Before delving into this post, I want to start by giving respect to the bloggers that make their photoshoots look good. You know the ones. They look stunning and confident walking down a street with sunglasses and purse in toe, onlookers don’t even phase them. Teach a class on how you do this. I would take it.
This shoot proved a challenge. I was being awkward, that’s a given. The wind was being forceful. And my confidence of how to do these things was missing for the day. The whole time I just thought of Winnie the Pooh and his challenging day in the blustery weather. I understand you, Pooh.
Thankfully this skirt is cut on the straight of grain, or what was a difficult shoot would have quickly turned into an indecent shoot.
This skirt. I made this skirt. And I love this skirt.
I particularly love it with neutrals. I think I have only worn it with neutrals actually. Which is odd for me. I tend to gravitate toward more colorful combinations, but for some reason this skirt is just extra yummy with winter white and black.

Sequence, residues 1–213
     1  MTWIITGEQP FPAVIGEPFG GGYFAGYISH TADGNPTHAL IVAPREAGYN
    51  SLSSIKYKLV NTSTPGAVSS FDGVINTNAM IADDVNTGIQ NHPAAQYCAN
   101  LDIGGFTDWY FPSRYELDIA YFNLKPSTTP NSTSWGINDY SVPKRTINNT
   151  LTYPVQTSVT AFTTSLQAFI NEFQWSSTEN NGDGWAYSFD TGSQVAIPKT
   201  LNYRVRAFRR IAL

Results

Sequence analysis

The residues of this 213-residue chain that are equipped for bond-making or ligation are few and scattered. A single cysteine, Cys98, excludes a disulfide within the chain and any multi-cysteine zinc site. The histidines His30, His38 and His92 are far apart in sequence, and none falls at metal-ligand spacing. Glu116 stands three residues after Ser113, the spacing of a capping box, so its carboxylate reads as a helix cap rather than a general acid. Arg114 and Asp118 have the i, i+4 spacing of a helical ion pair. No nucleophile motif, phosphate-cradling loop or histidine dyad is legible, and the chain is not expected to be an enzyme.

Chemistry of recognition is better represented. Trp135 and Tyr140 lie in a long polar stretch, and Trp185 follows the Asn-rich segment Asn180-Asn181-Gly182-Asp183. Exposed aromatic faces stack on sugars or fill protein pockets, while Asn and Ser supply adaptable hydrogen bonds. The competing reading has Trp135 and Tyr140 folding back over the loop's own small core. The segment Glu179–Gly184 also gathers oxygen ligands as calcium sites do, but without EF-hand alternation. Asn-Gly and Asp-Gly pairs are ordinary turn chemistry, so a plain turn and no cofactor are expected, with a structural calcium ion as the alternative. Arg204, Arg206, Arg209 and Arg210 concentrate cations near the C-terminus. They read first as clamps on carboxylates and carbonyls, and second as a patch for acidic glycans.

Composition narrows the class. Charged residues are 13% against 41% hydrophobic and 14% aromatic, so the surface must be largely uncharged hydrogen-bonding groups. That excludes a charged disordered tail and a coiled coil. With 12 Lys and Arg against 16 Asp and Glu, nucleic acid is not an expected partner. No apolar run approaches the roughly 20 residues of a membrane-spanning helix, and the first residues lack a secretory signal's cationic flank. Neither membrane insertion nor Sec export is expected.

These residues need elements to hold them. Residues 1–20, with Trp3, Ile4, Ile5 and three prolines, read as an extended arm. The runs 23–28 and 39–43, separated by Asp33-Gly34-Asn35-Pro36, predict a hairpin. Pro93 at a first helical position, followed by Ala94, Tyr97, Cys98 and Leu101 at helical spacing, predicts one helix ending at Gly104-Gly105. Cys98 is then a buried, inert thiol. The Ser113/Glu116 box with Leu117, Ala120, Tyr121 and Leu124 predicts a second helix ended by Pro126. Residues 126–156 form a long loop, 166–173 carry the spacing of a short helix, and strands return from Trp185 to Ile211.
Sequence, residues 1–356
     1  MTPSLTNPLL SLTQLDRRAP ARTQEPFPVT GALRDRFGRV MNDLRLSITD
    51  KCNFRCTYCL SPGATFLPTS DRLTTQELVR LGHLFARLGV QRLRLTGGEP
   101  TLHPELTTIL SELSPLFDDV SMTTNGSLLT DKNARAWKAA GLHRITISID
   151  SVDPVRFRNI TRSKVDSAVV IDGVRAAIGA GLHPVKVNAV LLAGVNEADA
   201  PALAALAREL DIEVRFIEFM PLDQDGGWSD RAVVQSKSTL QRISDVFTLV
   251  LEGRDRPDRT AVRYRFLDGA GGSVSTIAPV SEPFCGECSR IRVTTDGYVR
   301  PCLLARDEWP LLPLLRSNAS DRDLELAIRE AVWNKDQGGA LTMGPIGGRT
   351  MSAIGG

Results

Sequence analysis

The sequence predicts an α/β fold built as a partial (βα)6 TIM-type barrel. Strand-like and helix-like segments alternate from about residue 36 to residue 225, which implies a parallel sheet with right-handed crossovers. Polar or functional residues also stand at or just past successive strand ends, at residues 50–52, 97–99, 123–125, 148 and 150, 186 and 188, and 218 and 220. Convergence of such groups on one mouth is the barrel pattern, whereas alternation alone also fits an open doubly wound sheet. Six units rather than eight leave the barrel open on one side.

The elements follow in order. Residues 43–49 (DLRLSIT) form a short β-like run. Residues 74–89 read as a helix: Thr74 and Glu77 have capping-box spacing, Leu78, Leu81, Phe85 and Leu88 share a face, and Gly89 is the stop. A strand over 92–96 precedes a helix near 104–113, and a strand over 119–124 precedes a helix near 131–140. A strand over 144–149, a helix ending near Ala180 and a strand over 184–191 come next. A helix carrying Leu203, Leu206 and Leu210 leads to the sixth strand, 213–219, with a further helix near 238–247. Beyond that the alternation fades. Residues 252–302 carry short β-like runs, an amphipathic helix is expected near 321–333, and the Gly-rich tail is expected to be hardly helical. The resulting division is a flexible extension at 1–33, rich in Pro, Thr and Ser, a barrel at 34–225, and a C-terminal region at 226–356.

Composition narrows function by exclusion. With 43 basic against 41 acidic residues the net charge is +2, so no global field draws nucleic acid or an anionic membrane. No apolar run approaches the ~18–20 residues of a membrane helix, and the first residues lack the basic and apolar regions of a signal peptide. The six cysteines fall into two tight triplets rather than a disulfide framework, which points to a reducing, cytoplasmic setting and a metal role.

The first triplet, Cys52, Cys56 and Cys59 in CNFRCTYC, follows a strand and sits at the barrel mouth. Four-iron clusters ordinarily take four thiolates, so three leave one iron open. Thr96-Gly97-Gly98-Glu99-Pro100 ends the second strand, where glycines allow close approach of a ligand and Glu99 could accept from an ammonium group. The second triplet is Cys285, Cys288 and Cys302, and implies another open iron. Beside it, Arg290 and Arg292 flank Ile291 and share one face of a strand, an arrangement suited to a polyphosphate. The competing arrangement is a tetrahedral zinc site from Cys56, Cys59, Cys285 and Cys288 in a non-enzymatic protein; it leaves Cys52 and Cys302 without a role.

On that note, can we talk about brown and black together? I think it can be a really beautiful combination when done with intention. Honestly, I think almost anything can be great as long as there is always intention behind it. So get to mixing your neutrals people! It a sophisticated color palette that immediately makes you look like you know what your doing.
Back to this skirt. It’s a fun length, not long or too short. I can wear things tucked in (as seen here) to show off the exaggerated waistband or I can wear it with a sweater left out for a little bit more casual look. It’s appropriate for day or evening events- it’s been worn to work and this particular outfit was for an evening viewing of “The Nutcracker” with the ladies of my family. Shout out to my soon to be niece, McKenna!
*Just a note for any of you seamstresses out there: The secret to this twirly skirt without too much twirl is cutting the skirt on the straight of grain. The pattern has the fullness worked into it, but by cutting it on the straight of grain it keeps the fullness a bit more tailored than if it had been cut on the bias. A great thing for windy days 😉